Born in Philadelphia, United States, Welding worked as a journalist for Down Beat magazine and occasionally freelanced for other publications including Rolling Stone. In 1962 he moved to Chicago and, inspired by Bob Koester at Delmark Records, founded Testament Records in 1963 to issue recordings of blues and black folk song.
As a producer with credits encompassing Blind Connie Williams, Big Joe Williams, Robert Nighthawk, Peg Leg Howell, Doctor Ross, Mississippi Fred McDowell, J. B. Hutto, Bo Diddley, Otis Spann, Jean-Luc Ponty, Charlie Musselwhite, The Jazz Crusaders and Johnny Shines, Welding was known for discovering talent in unusual places. In 1961, while doing research for a prospective album on Philadelphia street singers, he was approached by Herb Gart, who found blues singer Doug Quattlebaum "driving a "Mister Softee" ice cream truck — with his guitar plugged into the truck's amplification system, entertaining the kids with his blues!", resulting in an album financed by Moe of Manny, Moe and Jack (Pep Boys) eventually titled Softee Man Blues. Notably, he co-produced Quicksilver Messenger Service's debut album with Nick Gravenites and Harvey Brooks in 1968.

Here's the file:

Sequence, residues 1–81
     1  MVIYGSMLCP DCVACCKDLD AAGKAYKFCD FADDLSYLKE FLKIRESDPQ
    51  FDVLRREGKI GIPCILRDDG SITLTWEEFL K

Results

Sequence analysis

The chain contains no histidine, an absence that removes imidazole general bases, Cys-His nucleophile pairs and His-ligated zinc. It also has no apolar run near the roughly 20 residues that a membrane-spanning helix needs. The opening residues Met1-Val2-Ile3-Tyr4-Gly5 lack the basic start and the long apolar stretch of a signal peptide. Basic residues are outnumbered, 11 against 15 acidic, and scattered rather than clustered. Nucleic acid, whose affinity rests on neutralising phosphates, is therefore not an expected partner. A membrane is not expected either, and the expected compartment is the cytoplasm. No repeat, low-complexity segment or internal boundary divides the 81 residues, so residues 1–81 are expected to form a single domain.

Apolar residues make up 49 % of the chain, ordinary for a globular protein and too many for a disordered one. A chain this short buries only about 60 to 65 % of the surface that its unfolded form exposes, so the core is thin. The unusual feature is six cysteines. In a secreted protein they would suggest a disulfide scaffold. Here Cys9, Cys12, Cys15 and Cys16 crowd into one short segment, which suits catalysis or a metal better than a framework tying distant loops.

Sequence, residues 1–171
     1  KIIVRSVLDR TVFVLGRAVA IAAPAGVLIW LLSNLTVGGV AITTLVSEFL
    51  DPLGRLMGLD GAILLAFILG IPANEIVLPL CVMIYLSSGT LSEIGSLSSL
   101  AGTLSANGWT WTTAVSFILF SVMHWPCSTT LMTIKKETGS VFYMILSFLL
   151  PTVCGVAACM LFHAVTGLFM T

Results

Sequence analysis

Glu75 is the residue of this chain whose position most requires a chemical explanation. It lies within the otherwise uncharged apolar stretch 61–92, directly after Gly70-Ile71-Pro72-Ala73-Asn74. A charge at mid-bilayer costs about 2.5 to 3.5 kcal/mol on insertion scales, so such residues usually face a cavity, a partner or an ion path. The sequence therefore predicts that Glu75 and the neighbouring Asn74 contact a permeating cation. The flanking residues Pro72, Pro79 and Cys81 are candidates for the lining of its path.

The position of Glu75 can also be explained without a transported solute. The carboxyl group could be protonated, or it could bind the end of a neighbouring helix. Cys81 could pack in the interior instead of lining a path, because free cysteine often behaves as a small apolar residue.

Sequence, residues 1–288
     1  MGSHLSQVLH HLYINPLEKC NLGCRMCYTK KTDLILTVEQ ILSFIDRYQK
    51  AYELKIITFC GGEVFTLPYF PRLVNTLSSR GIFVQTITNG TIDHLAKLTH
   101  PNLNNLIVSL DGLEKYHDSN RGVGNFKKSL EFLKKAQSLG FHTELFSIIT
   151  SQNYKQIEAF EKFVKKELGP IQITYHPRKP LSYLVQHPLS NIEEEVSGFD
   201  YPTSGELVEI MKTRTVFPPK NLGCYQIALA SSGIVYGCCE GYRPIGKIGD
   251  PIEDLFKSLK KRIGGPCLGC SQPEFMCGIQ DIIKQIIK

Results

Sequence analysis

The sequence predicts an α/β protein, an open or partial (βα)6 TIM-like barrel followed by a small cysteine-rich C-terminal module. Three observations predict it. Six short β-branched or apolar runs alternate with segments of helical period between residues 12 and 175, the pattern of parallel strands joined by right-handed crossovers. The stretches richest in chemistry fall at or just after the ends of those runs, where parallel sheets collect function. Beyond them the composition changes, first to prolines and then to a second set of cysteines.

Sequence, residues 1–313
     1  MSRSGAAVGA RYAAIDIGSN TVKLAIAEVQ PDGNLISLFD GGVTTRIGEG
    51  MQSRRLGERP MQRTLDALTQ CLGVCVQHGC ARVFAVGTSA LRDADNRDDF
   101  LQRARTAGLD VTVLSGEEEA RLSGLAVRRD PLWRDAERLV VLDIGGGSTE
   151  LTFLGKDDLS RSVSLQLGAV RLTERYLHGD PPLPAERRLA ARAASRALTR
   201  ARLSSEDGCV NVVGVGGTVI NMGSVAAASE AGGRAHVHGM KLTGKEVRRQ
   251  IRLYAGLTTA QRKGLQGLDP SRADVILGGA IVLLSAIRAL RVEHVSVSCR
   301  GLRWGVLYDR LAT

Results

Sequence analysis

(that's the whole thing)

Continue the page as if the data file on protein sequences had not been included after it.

In 1993, he was nominated for a Grammy Award with Lawrence Cohn for the liner notes to Roots 'n' Blues the Retrospective (1925-1950) (various artists). Cohn and Welding also produced Leadbelly (Live in Concert), nominated for a Grammy in 1973.
Photographer Raeburn Flerlage who worked closely with Welding on Down Beat, remembered Welding as unassuming but assertive with a formidable vocabulary and an "outlandish" sense of humor.
He also contributed sleeve notes to a wide variety of albums, including much of Frank Sinatra's output for Capitol Records. He died, at the age of 60, following a heart attack at his home in Rancho Cucamonga, California on November 17, 1995. He was posthumously inducted to the Blues Hall of Fame in 1996.
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- Issue 42 of Record Research (March/April 1962), p.12
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